Oh, if I hear that joke in the mocking of my personal quirks one more time.
The comparison to “Dug”, the talking dog from the animated movie Up, has plagued me for most of my adult life. I (apparently) was (am) distracted by every little thing that had (has) nothing to do with the current situation I was (am) in. I was the poster child for ADHD, the butt of every hyperactivity joke, and even I joked that I had it. But in hindsight, I didn’t really know what it was.
More than seventeen million people in the United States and 264 million people worldwide live with depression1. Making it one of the most common mental health concerns, depression may be a misdiagnosis for a more specific kind of depression, called Bipolar Disorder. The disorder is among the most misunderstood, feared, and stigmatized mental health diagnoses. Many of us may know someone affected by BD and have seen firsthand how the symptoms of this illness can impact a loved one’s life.
Lepera is popularly known as the “holistic psychologist” on social media. Holistic is defined as “characterized by the treatment of the whole person, taking into account mental and social factors, rather than just the symptoms of a disease.” With all of the academic divisions busy within their silos, there is a need for a holistic discipline. It’s possible for academics to not be aware of the connectivities between and among the disciplines.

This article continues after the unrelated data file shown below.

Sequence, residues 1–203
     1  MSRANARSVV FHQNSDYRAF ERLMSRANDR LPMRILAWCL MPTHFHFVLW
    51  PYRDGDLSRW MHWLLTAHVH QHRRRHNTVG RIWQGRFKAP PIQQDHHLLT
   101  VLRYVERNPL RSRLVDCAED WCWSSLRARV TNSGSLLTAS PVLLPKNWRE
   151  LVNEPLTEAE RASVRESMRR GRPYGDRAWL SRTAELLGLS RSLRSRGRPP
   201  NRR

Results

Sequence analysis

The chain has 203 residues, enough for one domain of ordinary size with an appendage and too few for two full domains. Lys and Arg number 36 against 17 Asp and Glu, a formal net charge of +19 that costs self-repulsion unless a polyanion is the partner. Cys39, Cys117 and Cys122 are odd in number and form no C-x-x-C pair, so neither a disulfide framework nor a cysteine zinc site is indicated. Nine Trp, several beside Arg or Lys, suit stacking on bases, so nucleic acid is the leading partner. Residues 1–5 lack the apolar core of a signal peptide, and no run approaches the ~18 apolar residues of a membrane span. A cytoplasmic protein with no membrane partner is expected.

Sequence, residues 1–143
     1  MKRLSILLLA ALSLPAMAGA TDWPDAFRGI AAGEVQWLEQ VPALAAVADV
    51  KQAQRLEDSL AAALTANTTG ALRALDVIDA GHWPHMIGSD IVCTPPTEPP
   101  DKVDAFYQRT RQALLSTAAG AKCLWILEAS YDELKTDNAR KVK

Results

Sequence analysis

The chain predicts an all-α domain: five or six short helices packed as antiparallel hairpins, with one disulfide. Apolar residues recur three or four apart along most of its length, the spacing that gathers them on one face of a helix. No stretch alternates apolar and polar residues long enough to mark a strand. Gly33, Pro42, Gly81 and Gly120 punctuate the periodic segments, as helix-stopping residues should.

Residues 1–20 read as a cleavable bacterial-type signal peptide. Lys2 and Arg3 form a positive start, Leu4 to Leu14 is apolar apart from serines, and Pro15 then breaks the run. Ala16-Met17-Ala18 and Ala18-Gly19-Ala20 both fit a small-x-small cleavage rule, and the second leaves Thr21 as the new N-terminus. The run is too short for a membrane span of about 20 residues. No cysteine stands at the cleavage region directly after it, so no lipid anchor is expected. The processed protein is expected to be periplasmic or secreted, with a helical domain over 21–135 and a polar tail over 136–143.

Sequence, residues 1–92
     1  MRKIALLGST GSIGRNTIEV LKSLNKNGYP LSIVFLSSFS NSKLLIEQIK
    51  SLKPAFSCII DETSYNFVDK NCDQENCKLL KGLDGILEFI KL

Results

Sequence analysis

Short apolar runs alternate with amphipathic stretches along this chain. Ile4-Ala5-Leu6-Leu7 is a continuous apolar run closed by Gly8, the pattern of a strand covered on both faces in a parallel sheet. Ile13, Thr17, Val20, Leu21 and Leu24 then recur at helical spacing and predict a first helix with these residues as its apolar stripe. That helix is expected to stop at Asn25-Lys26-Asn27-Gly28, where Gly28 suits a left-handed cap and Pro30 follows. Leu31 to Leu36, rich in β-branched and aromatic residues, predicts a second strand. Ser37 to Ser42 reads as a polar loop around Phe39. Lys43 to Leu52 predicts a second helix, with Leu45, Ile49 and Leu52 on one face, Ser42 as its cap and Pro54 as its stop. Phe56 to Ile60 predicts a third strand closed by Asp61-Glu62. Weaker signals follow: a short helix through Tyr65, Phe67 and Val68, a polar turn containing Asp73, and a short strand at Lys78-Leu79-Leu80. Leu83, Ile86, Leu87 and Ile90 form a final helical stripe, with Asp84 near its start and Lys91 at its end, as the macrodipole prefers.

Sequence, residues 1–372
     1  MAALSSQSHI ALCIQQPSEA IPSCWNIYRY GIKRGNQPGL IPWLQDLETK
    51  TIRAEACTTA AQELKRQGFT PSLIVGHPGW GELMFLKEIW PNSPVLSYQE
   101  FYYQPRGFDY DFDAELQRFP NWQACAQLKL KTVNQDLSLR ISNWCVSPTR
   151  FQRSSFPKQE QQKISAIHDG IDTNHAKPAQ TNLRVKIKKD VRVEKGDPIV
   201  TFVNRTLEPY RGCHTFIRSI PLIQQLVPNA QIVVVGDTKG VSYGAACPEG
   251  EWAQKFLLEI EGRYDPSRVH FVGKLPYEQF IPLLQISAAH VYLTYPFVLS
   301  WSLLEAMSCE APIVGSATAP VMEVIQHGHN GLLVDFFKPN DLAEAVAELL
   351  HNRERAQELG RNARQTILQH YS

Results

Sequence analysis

The impact, symptoms, and what you should do about it.
Psychology Today defines codependency as “a relationship in which, by being caring, highly-functional, and helpful, one is said to support, perpetuate, or enable a loved one’s irresponsible or destructive behavior.”1This enabled behavior may also be abusive. Codependency originally was a title given to relationships involving substance abuse2. However, it is now widely applicable and widespread.
It’s Mental Health Awareness Week (Oct. 4-Oct. 10). The World Health Organization estimates between 30% and 80% of people with mental health concerns don’t seek treatment1. On Armchair Expert Podcast, it was reported that it takes five years for someone with depression to seek treatment.
The average person suffers for five years before taking steps to address it!